Academic journal article Medium Aevum

Brothers and Sisters in Medieval European Literature

Academic journal article Medium Aevum

Brothers and Sisters in Medieval European Literature

Article excerpt

Carolyne Larrington, Brothers and Sisters in Medieval European Literature (Woodbridge: York Medieval Press and Boydell Press; Rochester, NY: Boydell & Brewer, 2015). x + 275 pp. ISBN 1-903153-62-8. $99.00.

In this book, Carolyne Larrington uses a chronologically and geographically diverse collection of literary sources to explore sibling relationships in the medieval period. Brothers and sisters have attracted increased attention from scholars of the Middle Ages in recent years, and Larrington's work is a welcome addition to this growing body of scholarship. It is encyclopedic in its coverage of the different stories of sibling interactions that appear in medieval literature. In eight chapters, Larrington examines the positive and negative aspects of brothers' and sisters' relationships in a variety of contexts. Themes include siblings and inheritance, twins, sibling loyalty and solidarity, siblings in religious communities, sibling violence and rivalry, sibling incest, fictive siblinghood, siblings in old age, and siblings mourning dead brothers and sisters. Larrington relies heavily on the Icelandic sagas in her analysis, but a multitude of other texts appear here as well, including Arthurian romances in multiple languages, the Nibelungenlied, the Decameron, the Mabinogion, and countless shorter poems and moralizing stories, to name only a few.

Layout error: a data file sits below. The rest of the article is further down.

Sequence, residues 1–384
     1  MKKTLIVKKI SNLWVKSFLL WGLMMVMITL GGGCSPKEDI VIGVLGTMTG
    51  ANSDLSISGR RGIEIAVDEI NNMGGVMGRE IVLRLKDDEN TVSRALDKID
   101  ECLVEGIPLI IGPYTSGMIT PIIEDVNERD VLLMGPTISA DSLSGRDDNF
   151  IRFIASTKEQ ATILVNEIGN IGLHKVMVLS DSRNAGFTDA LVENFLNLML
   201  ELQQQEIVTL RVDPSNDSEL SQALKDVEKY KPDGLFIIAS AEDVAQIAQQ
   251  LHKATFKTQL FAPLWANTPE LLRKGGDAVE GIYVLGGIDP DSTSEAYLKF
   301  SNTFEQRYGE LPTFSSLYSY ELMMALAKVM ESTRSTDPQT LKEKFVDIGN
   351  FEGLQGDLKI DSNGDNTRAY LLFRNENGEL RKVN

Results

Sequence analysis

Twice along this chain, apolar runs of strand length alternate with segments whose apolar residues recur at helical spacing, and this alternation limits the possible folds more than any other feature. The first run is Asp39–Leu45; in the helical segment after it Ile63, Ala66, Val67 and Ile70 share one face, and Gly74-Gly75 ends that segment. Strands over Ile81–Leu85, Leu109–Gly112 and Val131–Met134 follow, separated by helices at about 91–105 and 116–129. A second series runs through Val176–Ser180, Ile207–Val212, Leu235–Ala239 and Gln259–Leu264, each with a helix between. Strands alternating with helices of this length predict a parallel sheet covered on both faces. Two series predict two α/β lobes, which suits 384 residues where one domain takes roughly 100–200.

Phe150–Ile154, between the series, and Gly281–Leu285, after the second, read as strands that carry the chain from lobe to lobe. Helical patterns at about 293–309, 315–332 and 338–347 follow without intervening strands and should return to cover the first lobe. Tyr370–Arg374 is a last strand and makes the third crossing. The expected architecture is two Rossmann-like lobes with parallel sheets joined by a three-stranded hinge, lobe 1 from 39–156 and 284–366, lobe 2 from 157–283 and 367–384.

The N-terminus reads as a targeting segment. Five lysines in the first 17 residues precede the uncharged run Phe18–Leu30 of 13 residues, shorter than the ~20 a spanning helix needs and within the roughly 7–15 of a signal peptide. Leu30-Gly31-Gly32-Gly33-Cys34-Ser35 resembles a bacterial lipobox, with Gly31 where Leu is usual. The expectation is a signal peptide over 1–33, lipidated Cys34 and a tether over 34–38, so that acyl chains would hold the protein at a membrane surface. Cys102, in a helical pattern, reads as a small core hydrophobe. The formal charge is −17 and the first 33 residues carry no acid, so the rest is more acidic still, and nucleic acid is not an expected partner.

The encyclopedic scope of this book is one of its strengths (anyone looking for particular types of sibling stories in medieval literature should consult this work first), but it is also one of its weaknesses. Larrington's thematic approach leads her to group together similar stories about sibling interactions, even if they appear in literary works widely separated in terms of geography and chronology. In the process, she does not address in detail questions about whether or not the unique cultures of different parts of Europe - rural Iceland in the high Middle Ages versus late medieval urban Italy, for example - shaped the ways in which authors wrote about sibling relationships. …

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